Three candidates for city manager were interviewed by the Cordova City Council on Sept. 28. The successful candidate will replace current City Manager Alan Lanning when his contract expires Oct. 16, according to city council minutes.
The candidates interviewed included Alida Bus, health care program coordinator for the state of Alaska; Helen Howarth, owner of Fromagio’s Artisan Cheese; and Kerin Kramer, former executive director for Native Village of Eyak. Applicant Ernest Weiss, natural resources director for the Aleutians East Borough, was not selected for a face-to-face interview. Although Weiss’s initial written application impressed the council, a Sept. 4 video interview left the City Manager Assessment Committee lukewarm.
The three remaining candidates all identified transportation as the principal challenge facing the community, and promised to maintain an open-door policy if selected.
Addressing the council, Bus struck a conversational tone, saying that, as city manager, she would work with the Alaska Department of Fish and Game to identify and develop new fisheries. Bus emphasized the importance of close contact between the city and the citizenry.
“You can’t just operate in a bubble,” Bus said. “You need to understand what’s happening on the fishing grounds, what’s happening in the local coffee shack and hear from folks who are trying to make ends meet. I think the public brings in a lot of important perspective that you need to listen to.”
Though Bus conceded she lacked extensive experience in municipal government, she emphasized her work in state government as special assistant to the commissioner at the Alaska Department of Environmental Conservation and as chief of staff for former Juneau Sen. Dennis Egan.
“I have some of the executive management skills: organization and communication,” Bus said. “I have political acumen where I can work with different personalities and ideas and implement the vision of political officeholders.”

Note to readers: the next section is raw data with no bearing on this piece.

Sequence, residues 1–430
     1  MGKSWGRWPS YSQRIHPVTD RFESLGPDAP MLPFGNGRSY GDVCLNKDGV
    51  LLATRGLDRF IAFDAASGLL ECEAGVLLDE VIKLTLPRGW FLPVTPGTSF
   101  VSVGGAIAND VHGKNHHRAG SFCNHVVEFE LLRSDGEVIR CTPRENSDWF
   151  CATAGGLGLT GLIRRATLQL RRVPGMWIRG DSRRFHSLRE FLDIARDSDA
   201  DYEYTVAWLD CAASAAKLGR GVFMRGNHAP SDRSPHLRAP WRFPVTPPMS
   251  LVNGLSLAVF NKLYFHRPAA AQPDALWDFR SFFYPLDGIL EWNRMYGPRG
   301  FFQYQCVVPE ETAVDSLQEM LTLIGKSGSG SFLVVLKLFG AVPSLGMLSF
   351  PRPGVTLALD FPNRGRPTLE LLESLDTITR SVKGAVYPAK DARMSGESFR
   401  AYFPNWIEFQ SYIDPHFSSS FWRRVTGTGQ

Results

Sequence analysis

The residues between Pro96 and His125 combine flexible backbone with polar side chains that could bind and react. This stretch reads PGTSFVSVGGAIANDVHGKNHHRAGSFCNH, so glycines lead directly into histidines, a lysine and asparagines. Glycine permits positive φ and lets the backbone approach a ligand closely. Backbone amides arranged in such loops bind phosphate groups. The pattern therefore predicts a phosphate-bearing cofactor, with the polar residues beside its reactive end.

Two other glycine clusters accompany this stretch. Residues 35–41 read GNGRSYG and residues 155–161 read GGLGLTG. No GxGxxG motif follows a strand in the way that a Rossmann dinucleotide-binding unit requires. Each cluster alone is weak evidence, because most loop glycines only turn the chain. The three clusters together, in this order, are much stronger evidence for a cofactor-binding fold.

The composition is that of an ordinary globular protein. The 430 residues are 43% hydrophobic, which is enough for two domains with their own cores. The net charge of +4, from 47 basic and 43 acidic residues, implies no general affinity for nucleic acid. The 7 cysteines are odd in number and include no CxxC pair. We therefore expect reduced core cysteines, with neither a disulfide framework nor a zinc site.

Helen Howarth highlighted her business qualifications, putting herself forward as a candidate who could help balance Cordova’s budget by finding unconventional ways to boost efficiency. While managing friction between revenue and expenses is tricky, Howarth said, it always helps to engage in clear, detailed priority-setting.
“Being a small community is a real positive because… instead of having to solve the problems of a city of 100,000 people, you’re trying to solve the problems of a city of 2,500 people,” Howarth said. “To me, it seems doable.”
Before opening Fromagio’s Artisan Cheese, Howarth worked for the Rasmuson Foundation, analyzing grant applications and arranging partnerships with state organizations. Having no prior experience in retail or food service, Howarth conducted extensive background research to prepare herself to “cliff dive” into a new industry.
For Howarth, it’s a source of pride that several Fromagio’s employees have stayed with her for years, despite high turnover in the retail industry generally.
“I do have a big heart,” Howarth said. “I think everyone has a place at the table, and I like to listen… But I am capable of being the bad guy — in a nice way.”
Kramer described a pragmatic, detail-oriented approach to city management, touching on everything from Cordova’s high cost of living to the city’s use of Facebook for announcements. Lack of adequate ferry service could be addressed either by asking the state legislature for more funding, by privatizing the ferry service or by pursuing a hybrid option of partially subsidized privatization, she said. In the meantime, Kramer suggested exploring ways to incentivize companies like Alaska Airlines to give Cordova more service.
“Transportation is a huge challenge for Cordova,” Kramer said. “How we would address that particular challenge depends on what the citizens would like to see… I would like to reach out to all the communities and see what their ideas are, and whether they want to stay with the AMHS system or not.”
Kramer also underscored her previous leadership of NVE and her longstanding ties to Cordova.
“I think I partner well,” Kramer said. “I know the support and the value of Tribal government, and how they can integrate and partner with other local governments to make everything stronger.”
The interviews were preceded by a public meet-and-greet at the Cordova Center on Sept. 27.